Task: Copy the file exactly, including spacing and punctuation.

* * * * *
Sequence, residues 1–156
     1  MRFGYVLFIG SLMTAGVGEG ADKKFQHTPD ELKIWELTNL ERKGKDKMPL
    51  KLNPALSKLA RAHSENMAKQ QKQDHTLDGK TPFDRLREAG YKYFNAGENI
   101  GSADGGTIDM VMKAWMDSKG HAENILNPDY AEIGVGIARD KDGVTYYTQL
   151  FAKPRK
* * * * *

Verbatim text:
Sequence, residues 1–156
     1  MRFGYVLFIG SLMTAGVGEG ADKKFQHTPD ELKIWELTNL ERKGKDKMPL
    51  KLNPALSKLA RAHSENMAKQ QKQDHTLDGK TPFDRLREAG YKYFNAGENI
   101  GSADGGTIDM VMKAWMDSKG HAENILNPDY AEIGVGIARD KDGVTYYTQL
   151  FAKPRK